WASHINGTON - Foreign policy is a likely discussion point in the vice-presidential debate Thursday and the remaining presidential encounters Oct. 16 and Oct. 22.

Following is a report on the top 20 foreign-affairs and national-security votes of the 112th Congress. It details votes cast on overseas issues by U.S. Rep. Paul Ryan, R-Wis., the GOP vice presidential candidate, a congressional budget specialist whose views on foreign affairs are not widely known.

For contrast, votes by House Minority Leader Nancy Pelosi, D-Calif., are shown alongside Ryan's.

In the House

1. Afghanistan Withdrawal: Members on May 17, 2012, defeated, 113-303, a bid to bar fiscal 2013 funding for war in Afghanistan except for actions necessary to conduct the "safe and orderly withdrawal" of U.S. troops and contractors. A yes vote was to start withdrawing U.S. forces from Afghanistan well ahead of President

Obama's timetable. (HR 4310)

Ryan voted no. Pelosi voted no.

2. 2013 Military Budget: Members on July 19, 2012, approved, 326-90, nearly $606 billion in military appropriations for fiscal 2013, including $87.7 billion for war in Afghanistan and other theaters and $35.1 billion for military health care. A yes vote was to send the Senate a budget containing a 1.7 percent military pay raise. (HR 5856)

Ryan voted yes. Pelosi voted yes.

3. Defense-Spending Freeze: Members on July 19, 2012, voted, 247-167, to freeze the core defense budget for fiscal 2013 at the 2012 level of $518 billion. Exempted from the freeze were military healthcare, payrolls and war in theaters such as Afghanistan. Eighty-nine Republicans and 158 Democrats backed the measure. A yes vote was to trim the 2013 defense budget (HR 5856) by as much as $1 billion.

Ryan voted no. Pelosi voted yes.

4. Iran Sanctions: Members on Aug. 1, 2012, voted, 421-6, to toughen U.S. economic sanctions on Iran. A yes vote was to pass a bill (HR 1905) denying access to U.S. financial markets to any global entity whose investments or purchases boost Iran's nuclear program.

Ryan voted yes. Pelosi voted yes.

5. Government Spy Powers: Members on Sept. 12, 2012, voted, 301-118, to renew the Foreign Intelligence Surveillance Act through 2017. The law allows the National Security Agency to spy without specific warrants on phone calls, emails and other contacts between foreigners that pass through telecommunications switching points in the U.S. A yes vote was to pass HR 5949.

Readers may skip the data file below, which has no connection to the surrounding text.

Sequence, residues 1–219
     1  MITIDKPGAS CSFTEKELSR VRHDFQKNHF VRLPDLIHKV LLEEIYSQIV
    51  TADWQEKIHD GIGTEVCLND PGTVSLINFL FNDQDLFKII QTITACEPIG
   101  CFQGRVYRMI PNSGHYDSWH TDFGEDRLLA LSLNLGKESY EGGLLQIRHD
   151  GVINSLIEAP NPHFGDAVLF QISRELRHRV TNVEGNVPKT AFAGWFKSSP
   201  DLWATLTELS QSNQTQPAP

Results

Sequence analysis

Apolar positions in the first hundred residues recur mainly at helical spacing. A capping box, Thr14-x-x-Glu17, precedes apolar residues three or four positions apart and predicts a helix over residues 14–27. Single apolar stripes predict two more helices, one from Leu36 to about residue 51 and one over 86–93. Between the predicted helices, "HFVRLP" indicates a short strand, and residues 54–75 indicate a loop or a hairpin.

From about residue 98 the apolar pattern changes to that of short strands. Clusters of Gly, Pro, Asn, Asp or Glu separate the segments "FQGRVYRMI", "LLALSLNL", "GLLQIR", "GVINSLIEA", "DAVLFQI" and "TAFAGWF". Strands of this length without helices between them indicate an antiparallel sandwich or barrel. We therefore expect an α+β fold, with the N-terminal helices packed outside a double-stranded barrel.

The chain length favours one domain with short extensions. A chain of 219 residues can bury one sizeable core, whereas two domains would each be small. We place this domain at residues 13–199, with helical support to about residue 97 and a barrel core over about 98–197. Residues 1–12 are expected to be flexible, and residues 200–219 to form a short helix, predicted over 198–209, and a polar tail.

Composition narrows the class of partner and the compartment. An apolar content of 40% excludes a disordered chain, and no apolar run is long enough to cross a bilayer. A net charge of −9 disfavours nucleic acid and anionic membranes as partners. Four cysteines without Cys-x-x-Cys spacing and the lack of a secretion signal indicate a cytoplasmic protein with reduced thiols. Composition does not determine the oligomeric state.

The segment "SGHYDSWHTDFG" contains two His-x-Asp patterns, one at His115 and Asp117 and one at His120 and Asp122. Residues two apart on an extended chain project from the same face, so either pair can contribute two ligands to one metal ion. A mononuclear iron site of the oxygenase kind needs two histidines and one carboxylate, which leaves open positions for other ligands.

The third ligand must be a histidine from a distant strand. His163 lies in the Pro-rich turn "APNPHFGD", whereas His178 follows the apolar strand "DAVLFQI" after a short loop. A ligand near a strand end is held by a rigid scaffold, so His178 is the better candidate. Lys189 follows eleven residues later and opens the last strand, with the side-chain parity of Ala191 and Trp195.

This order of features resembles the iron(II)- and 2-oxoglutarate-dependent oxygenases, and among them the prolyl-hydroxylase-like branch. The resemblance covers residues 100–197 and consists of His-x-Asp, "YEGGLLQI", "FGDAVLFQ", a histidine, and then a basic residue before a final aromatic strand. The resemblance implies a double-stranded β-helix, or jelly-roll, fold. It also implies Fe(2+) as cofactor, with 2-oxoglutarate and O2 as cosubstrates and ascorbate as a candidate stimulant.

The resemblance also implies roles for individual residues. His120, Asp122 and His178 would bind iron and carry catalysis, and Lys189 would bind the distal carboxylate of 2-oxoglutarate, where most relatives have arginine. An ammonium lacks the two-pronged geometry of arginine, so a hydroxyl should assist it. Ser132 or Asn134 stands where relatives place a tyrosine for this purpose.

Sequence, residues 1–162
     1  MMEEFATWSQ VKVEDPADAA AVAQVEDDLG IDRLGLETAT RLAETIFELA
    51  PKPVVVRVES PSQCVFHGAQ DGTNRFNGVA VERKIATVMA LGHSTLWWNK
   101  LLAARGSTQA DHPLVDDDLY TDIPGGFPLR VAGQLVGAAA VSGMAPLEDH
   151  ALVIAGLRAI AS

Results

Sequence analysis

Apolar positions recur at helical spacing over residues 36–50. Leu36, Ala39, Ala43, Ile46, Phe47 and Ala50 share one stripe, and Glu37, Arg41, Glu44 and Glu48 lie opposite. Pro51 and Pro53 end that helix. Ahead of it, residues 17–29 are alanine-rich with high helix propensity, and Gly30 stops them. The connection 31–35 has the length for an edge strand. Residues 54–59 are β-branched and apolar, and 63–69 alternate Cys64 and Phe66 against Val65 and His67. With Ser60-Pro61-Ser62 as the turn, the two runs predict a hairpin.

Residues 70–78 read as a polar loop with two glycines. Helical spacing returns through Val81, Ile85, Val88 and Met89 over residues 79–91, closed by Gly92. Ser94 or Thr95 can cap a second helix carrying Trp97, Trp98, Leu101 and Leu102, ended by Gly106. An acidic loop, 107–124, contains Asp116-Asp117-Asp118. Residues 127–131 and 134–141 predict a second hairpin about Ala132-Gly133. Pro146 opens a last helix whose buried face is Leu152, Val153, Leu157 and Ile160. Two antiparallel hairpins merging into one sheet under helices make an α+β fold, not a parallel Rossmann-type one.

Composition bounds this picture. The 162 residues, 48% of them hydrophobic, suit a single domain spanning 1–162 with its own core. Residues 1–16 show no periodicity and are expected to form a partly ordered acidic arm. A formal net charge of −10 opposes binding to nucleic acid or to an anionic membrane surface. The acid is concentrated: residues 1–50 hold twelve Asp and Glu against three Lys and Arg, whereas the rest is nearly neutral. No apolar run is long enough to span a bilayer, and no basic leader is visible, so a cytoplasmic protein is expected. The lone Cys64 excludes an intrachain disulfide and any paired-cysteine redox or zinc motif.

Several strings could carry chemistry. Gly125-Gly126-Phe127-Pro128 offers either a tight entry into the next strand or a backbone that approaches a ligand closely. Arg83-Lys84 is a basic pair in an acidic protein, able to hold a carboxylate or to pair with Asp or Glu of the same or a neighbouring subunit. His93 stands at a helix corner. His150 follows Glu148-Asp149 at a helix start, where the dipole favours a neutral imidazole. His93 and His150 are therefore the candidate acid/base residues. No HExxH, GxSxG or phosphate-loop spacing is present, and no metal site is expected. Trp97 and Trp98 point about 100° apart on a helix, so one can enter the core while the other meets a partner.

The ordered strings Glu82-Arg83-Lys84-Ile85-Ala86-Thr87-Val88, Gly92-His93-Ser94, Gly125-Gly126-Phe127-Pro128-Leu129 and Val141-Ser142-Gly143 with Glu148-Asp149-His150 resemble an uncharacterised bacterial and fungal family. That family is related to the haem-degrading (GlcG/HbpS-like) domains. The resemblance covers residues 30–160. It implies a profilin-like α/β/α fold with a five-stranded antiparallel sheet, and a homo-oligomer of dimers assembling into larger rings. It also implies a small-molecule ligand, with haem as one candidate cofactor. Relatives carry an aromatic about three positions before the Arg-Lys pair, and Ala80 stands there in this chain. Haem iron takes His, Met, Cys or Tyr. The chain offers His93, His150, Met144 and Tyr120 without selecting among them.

Ryan did not vote. Pelosi voted yes.

6. U.N. Dues-U.S. Security: Members on Feb. 9, 2011, failed, 259-169, to reach a two-thirds majority needed to pass a Republican bill (HR 519) directing the United Nations to return $179 million in U.S. dues overpayments. The bill was opposed on grounds it would sink a State Department plan to divert $100 million of the $179 million to security improvements at U.N. headquarters in New York City. A yes vote was to pass the bill.

Ryan voted yes. Pelosi voted no.

7. Mass-Transit Terrorism: Voting 187-234, members on June 2, 2011, defeated a Democratic motion to set aside an additional $75 million in the fiscal 2012 homeland-security budget (HR 2017) for programs to protect intercity and commuter rail lines and bus services from terrorist attacks. Funding to protect these transportation modes received deep cuts in the Republican budget plan for 2012. A yes vote was to shift $75 million to transportation-security grants from elsewhere in the bill.

Ryan voted no. Pelosi voted yes.

8. GOP Libya Plan: Members on June 3, 2011, passed, 268-145, the softer of two pending bills concerning U.S. participation in the NATO coalition operating in Libyan airspace. A yes vote backed a Republican measure (H Res 92) that gave President Obama 14 days to justify the deployment but which stated no consequences if he failed to do so. A competing measure (below) sought to use the 1973 War Powers Resolution to force an end to the action within 15 days of enactment.

Ryan voted yes. Pelosi voted no.

Continued Thursday